Vu, August 13, 1930
Over 100,000 textile and steel workers clashed with police in the Nord region of France in August 1930.
David Seymour (Chim), Striking workers at a Renault factory, France, 1936
Members of a militant theatrical group, Mars, support a Front Populaire demonstration at the Pere Lachaise cemetery.
Associated Press, [Police and striking steel workers clashing outside Republic Steel Corporation plant, Chicago], May 30, 1937
Police shot and killed ten demonstrators during the Memorial Day massacre of 1937. Supporters and striking workers, who belonged to the Congress of Industrial Organizations, were protesting low wages and poor working conditions. Known collectively as “Little Steel,” Republic Steel, Youngstown Sheet and Tube Company, and other smaller steel companies, refused to sign a union contract as U.S. Steel had done.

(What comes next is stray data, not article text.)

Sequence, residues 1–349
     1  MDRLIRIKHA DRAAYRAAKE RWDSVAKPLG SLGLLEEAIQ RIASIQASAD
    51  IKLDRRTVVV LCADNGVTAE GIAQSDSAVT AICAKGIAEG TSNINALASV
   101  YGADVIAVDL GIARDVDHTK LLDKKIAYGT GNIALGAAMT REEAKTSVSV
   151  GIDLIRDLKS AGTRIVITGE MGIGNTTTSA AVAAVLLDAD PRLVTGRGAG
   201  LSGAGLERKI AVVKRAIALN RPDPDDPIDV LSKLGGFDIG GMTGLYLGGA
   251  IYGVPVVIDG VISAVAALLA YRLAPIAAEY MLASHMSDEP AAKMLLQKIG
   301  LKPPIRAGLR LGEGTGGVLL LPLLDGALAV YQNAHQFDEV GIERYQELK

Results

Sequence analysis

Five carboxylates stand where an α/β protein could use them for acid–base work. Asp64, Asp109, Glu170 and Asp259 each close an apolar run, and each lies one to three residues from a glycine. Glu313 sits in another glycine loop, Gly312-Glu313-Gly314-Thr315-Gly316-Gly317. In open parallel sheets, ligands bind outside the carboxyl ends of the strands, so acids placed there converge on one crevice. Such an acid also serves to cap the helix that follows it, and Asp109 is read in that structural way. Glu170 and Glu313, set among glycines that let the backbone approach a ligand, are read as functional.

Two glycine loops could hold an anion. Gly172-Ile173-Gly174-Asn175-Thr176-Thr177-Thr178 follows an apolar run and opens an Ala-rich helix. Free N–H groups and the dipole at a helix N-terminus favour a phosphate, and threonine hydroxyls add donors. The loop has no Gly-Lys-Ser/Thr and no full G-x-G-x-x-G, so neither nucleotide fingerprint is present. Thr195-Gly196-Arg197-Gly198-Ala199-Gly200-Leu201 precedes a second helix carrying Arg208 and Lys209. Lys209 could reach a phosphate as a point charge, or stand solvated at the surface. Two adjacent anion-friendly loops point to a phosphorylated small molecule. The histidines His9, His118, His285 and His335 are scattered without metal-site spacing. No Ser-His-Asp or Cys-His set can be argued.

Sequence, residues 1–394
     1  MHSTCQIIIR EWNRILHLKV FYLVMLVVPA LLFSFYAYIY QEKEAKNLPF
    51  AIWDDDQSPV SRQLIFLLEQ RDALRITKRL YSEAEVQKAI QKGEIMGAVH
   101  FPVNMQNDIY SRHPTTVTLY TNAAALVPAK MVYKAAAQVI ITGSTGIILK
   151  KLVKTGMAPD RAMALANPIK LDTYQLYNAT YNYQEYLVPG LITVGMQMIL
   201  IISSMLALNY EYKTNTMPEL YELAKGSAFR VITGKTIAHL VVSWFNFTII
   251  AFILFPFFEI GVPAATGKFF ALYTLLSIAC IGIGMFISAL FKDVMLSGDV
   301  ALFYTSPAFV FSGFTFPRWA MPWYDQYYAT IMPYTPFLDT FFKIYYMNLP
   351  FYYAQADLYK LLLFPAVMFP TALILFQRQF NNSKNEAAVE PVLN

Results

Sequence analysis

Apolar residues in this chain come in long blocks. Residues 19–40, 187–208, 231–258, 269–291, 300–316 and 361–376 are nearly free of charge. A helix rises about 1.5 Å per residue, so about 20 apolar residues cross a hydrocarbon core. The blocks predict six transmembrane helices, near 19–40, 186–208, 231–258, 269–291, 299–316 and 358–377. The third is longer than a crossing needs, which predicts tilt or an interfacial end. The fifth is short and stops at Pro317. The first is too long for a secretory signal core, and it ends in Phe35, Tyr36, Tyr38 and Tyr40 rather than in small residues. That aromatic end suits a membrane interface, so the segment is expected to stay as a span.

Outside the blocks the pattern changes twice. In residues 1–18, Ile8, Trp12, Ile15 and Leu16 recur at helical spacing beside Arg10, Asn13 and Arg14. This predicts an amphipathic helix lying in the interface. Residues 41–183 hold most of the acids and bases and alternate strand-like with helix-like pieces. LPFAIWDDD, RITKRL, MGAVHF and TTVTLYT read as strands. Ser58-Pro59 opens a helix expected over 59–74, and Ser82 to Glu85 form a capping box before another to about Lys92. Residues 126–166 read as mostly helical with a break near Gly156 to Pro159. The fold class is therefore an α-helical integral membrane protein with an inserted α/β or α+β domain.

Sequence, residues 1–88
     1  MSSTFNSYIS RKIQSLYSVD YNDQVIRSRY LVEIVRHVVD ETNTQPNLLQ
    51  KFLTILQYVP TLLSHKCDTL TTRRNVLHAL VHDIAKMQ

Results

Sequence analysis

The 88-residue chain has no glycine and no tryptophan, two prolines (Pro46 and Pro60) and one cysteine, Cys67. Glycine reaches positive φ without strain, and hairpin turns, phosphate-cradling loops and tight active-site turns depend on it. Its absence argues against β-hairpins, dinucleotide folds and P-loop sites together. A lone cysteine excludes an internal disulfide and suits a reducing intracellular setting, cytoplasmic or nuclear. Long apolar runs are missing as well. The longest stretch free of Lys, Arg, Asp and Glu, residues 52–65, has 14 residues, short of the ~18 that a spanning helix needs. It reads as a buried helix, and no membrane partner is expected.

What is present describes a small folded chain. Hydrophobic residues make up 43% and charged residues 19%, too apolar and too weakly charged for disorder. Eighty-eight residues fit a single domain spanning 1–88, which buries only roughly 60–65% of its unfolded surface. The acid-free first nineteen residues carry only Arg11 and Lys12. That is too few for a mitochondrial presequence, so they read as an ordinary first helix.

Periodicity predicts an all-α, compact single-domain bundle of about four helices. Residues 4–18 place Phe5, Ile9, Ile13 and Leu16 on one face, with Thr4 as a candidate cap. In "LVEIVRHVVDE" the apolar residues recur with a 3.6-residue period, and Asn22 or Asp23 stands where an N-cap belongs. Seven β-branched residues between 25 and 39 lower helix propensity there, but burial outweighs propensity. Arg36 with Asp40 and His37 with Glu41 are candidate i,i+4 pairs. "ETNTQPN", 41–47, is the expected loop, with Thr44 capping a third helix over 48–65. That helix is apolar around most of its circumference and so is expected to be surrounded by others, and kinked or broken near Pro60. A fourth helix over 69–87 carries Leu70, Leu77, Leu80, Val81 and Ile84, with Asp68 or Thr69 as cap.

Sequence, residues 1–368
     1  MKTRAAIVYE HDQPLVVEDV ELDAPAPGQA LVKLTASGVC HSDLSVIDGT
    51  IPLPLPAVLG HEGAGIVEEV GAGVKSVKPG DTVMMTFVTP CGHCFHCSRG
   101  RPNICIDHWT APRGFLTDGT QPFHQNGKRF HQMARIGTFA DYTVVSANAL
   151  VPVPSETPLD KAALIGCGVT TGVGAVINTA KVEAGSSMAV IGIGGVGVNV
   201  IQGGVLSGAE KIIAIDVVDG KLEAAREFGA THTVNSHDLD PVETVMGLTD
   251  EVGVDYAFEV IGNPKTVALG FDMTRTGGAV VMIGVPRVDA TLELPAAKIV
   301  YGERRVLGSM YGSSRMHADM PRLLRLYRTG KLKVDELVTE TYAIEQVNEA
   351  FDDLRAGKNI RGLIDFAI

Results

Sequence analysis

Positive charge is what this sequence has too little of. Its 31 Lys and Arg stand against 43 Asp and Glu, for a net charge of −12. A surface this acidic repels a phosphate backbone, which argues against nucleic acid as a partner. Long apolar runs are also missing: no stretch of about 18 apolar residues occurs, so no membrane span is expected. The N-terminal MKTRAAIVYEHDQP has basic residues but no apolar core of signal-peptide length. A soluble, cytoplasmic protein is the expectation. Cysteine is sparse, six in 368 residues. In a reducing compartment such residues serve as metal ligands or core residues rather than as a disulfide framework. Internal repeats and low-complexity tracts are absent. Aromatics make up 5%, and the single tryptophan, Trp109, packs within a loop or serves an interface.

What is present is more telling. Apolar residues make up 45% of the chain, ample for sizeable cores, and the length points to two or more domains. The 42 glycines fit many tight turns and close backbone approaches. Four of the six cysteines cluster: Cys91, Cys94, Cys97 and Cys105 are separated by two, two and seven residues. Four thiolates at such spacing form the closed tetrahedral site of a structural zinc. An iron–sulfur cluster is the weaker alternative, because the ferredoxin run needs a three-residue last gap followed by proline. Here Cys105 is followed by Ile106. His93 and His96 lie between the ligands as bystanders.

Wallace Kirkland, [Picketers circling in front of meat packing plant during packers’ strike, Chicago], 1948
Chicago’s meat packing industry, the object of scathing critique in Upton Sinclair’s 1906 novel The Jungle, was subject to numerous strikes.
Jean-Pierre Rey, [Girl waving flag in crowd during general strike, Paris], May 1968
From LIFE‘s May 24, 1968 coverage of the Paris uprisings:
Defying truncheon and tear gas to win the barricades
The street battle of Paris began with student demonstrations and swiftly escalated into savage warfare. Rock-throwing bands charged up the boulevards. Police, led by the elite and detested Compagnies Républicained de Sécurité, and Gardes Mobiles, charged over cobblestone barricades the student built and attacked without restraint or discrimination. Men and women, rioters and bystanders alike, felt the truncheon and choled on toxic gas. Streets already strewn with rubble and burning automobiles were further clogged by a general strike as workers and leftists rallied in support of the students (above). Finally the government ordered the police to pull back and the students–at a cost of 10 dead and 1,500 injured–appeared to have carried the day.